Robo-advisers have been around long enough that the question is no longer whether you should turn your investment decisions over to a computer.
Now the question is: Why wouldn’t you?
The success of Wealthfront and Betterment, two startups that helped launch the trend, led mainstream investment companies including Vanguard, Schwab and Fidelity to add robo-advice services in recent years.
Depending on the robo-adviser, you may also have access to human financial advisers, socially responsible investments and tax-loss harvesting to help reduce tax bills.
This is not, and never really was, a niche product only for tech-oriented millennials. From the beginning, investors of all ages spotted the significant advantages of letting computers run their portfolios.
Robo-advisers are cheap
Robo-advisers — also known as automated financial advisers — use computer algorithms to invest your money and rebalance the portfolios as needed to meet your goals. Robos typically use ultralow-cost exchange-traded funds and charge annual management fees of about 0.25 percent, for an all-in cost that can land under 0.5 percent.
Contrast that with traditional investment costs, which can be 1 percent or even more on top of the annual management fees. It’s not unusual for investors to pay 2 percent or more annually, once all costs are considered.
This is a huge deal, since costs have an enormous impact on your ultimate returns and are among the few factors you can actually control.
Let’s say you invest $10,000 and market returns average 7 percent over the next 30 years. If you lose 2 percent to fees, your investment would grow to about $45,000. But if your fees are just 0.5 percent, your investment could reach $70,000.
Robo-advisers aren’t conflicted
Robo-advisers won’t put you in an investment that costs more or performs worse than available alternatives because they’ll earn a higher commission or a free trip to Aruba.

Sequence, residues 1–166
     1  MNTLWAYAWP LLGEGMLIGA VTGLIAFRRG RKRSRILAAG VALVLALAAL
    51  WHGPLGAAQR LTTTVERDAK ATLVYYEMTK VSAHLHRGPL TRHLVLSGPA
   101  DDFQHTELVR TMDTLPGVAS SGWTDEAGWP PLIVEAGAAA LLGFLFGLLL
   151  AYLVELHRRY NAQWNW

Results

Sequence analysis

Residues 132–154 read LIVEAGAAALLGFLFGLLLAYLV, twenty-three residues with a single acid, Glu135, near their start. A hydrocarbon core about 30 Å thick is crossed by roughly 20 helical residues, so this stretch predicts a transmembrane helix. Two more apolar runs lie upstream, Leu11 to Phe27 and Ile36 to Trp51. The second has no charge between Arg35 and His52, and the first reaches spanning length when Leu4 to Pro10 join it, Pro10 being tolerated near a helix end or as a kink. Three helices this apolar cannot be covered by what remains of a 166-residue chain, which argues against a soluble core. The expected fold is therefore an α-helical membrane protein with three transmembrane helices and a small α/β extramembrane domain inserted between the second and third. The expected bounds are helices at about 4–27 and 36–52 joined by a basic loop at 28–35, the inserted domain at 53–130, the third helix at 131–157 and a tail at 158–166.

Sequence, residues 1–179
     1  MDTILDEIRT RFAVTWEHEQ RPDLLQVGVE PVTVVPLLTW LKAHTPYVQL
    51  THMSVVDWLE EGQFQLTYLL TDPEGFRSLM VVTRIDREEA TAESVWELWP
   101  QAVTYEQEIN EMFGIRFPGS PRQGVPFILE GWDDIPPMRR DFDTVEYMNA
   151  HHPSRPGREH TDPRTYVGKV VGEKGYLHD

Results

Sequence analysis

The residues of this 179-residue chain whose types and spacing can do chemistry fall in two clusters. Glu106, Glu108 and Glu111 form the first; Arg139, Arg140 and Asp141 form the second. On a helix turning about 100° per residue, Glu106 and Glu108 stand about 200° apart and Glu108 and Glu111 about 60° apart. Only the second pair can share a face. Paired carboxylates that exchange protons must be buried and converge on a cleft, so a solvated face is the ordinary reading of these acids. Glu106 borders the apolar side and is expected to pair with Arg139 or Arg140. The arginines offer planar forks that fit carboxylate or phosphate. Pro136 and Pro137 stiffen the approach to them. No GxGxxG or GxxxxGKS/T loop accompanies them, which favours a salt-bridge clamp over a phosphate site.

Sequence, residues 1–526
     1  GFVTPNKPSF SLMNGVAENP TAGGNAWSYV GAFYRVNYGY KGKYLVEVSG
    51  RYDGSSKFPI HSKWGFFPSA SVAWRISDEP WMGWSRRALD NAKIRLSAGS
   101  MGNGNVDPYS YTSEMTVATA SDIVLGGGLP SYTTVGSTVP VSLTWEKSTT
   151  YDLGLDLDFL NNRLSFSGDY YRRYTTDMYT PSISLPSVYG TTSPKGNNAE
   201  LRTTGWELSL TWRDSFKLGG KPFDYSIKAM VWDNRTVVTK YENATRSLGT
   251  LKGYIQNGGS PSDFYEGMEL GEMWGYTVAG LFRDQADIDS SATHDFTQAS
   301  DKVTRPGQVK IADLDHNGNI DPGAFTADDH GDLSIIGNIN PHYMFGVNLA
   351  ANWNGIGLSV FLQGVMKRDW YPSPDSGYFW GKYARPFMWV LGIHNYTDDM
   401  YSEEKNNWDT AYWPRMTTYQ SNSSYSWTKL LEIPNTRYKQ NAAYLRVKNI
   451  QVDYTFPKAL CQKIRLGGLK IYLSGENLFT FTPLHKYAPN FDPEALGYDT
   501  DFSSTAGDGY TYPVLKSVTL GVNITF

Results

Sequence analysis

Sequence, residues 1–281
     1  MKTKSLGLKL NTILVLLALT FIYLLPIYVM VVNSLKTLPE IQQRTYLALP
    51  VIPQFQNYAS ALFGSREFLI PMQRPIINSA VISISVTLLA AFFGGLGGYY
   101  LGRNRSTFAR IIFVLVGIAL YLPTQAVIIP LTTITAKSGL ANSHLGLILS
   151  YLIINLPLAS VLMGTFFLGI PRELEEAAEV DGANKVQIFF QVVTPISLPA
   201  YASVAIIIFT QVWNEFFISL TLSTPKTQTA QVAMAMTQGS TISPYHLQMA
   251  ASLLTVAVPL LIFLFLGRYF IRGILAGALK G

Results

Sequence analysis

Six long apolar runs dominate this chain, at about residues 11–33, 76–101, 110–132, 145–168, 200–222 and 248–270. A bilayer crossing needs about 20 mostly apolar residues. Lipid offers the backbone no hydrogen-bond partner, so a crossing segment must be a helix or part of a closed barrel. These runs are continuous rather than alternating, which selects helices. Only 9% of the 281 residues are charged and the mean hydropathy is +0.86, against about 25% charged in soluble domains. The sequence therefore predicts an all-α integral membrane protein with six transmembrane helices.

That still happens all too often with human advisers. U.S. regulators have so far resisted calls to impose a universal fiduciary standard, which would require financial advisers to put their clients’ interests ahead of their own.
Robo-adviser services aren’t perfect. The SEC in December 2018 announced a settlement with Wealthfront for making false statements about its tax-loss harvesting service. Tax-loss harvesting allows people to defer tax bills by selling a losing investment to offset the profit from a winning one.
But buying a “substantially identical” investment too soon after selling a loser can cause the IRS to disallow the deduction.
Wealthfront failed to properly monitor accounts against such “wash sales,” which occurred in 31 percent of the accounts with tax-loss harvesting over a three-year period, the SEC says.
But a quick scroll through the SEC’s other enforcement actions last year show that this is far from the worst thing that can happen to an investor. From billion-dollar Ponzi schemes to stockbrokers getting paid to steer people to high-cost funds, humans pose a much bigger danger to investors.
Investment management not financial advice
Robo-advisers may not be the best option for people who may panic and sell in a downturn. Those folks may need human financial advisers to hold their hands and talk them out of a bad decision.
Also, you probably don’t have access to a robo option within your 401(k) — at least not yet. (Your next best option may be a target-date mutual fund, which, like a robo, does the investment allocation and rebalancing for you.)
Otherwise, most people should at least consider a robo-adviser, and that’s true even if they also need financial planning advice.
The distinction between investment management and true financial planning is often lost. That’s not surprising, since financial planners who give comprehensive advice often charge a percentage of the investments that they manage. So do many stockbrokers, who may offer financial advice in addition to their main business of investment management.
But most investment management is a commodity, while good, individualized, comprehensive financial planning advice can be priceless — and can’t be replicated by a computer.
It can make sense, in other words, to pay a premium for quality financial advice that a robot can’t offer. It doesn’t make sense to pay a premium for a service that a robot could do better.
Liz Weston is a columnist at NerdWallet, a certified financial planner and author of “Your Credit Score.” E-mail: email@example.com. Twitter: @lizweston.